Housing downturn widens amid fresh fears property prices will plunge 18 per cent

New data shows the housing downturn has spread to regional Australia.

New data shows the housing downturn has spread to regional Australia. Photo: TND

Cracks are emerging in key regional property markets as new data reveals the housing downturn is quickly spreading beyond major capitals.

CoreLogic’s latest property report, published on Wednesday, shows regional housing values fell 0.2 per cent in the three months to July – down from a 6.4 per cent gain in December.

Ten of 25 regional areas tracked by CoreLogic saw values fall over the quarter, though all areas still posted price increases on an annual basis.

It’s the latest sign interest rate hikes are squeezing buyers and  pushing down property prices, following fresh ANZ Bank forecasts on Tuesday tipping national house prices will fall 18 per cent in the next 16 months.

CoreLogic economist Kaytlin Ezzy said regional areas like Illawarra in New South Wales and the Sunshine Coast in Queensland had seen “some of the strongest growth” during COVID-19, but are now “showing weaker selling conditions” as affordability constraints bite.

“Value declines are already being seen across more expensive regional markets, while the pace of growth has eased considerably across the combined regions’ broad middle and lower quartile markets,” she said.

Housing downturn widens

Property prices have been retreating for several months as the effect of four consecutive Reserve Bank interest rate hikes have tanked borrowing power and with it market confidence.

But falls had previously been restricted to major capitals such as Sydney and Melbourne, which had the highest median housing values and so were the first to run into affordability constraints.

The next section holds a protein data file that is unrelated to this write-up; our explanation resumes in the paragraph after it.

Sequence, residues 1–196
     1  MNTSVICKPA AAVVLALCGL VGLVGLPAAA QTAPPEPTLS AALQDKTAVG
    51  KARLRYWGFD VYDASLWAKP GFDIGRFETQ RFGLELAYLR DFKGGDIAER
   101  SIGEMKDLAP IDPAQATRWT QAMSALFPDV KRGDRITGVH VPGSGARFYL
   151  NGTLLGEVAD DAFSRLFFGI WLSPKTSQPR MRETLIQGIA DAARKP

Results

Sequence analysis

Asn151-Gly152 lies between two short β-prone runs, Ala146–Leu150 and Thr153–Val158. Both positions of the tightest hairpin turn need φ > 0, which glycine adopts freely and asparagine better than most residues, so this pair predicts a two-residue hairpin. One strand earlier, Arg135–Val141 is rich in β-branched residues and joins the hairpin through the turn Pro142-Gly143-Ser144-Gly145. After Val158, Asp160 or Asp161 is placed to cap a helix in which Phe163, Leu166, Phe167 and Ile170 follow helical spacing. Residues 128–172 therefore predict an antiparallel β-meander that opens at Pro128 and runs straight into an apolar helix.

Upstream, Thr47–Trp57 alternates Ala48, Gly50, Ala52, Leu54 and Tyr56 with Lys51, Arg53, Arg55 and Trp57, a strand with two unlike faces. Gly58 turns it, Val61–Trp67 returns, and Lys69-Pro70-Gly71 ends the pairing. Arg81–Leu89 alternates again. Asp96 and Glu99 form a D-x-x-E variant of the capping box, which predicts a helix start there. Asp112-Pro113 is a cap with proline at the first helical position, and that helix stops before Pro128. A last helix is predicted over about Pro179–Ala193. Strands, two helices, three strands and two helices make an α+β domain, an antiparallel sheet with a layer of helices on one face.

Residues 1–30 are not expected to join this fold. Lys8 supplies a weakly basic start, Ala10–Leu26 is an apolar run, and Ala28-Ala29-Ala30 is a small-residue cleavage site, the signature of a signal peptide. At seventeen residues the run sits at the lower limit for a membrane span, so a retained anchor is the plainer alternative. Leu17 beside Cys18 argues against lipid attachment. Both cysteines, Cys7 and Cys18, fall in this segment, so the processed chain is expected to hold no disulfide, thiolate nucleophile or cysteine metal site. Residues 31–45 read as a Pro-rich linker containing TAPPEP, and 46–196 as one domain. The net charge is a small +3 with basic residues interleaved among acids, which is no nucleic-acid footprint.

That’s now changed, with the latest CoreLogic figures showing that the downturn is spreading fast.

Veteran housing economist Andrew Wilson said it’s not surprising that key regional markets are now following Sydney and Melbourne with falling prices, saying the downturn will be national.

“Regional markets tend to pick up what’s happening in the bigger markets with a lag,” Dr Wilson said.

“They’re influenced by the same factors weighing on capital cities.”

Property prices to fall 18 per cent

ANZ Bank economists said on Tuesday that reduced borrowing power amid higher interest rates is the biggest factor pushing down house prices across the country.

With the cash rate target headed north of 2 per cent, ANZ said mortgage borrowing capacity will decline by more than 20 per cent by the end of the year and by nearly 30 per cent during 2023.

Such a squeeze will push national average house prices down by 18 per cent over the remainder of 2022 and over 2023, it said.

But the downturn is expected to be short lived, with prices recovering again in 2024.

“With the cash rate set to peak later this year, we expect that most of the impact on prices will be fully reflected by the end of 2023,” ANZ experts said on Tuesday.

“In 2024, we expect to see the beginnings of a recovery in house prices, alongside cuts in the cash rate in the second half. We expect prices to rise around 5 per cent in 2024.”

Dr Wilson is more optimistic than ANZ, saying he doesn’t expect prices to fall by 18 per cent over the next 16 months.

On the contrary, data from his firm My Housing Market shows the pace of price falls in Sydney and Melbourne was slowing during the first two weeks of August.

“Prices are still falling, but they’re not falling by so much,” he said.

“There are some very early signs the market is reaching for the bottom.”

One factor expected to support property prices through the downturn is tight rental market conditions, with listings for homes falling to record lows over the past month as landlords rush to alternatives like Airbnb.

‘‘The impact of higher interest rates will be mitigated by low unemployment, rising household incomes, a tight rental market and rising immigration,’’ ANZ economists said.

‘‘While these factors won’t prevent falls in housing prices, they’ll cushion the fall.’’

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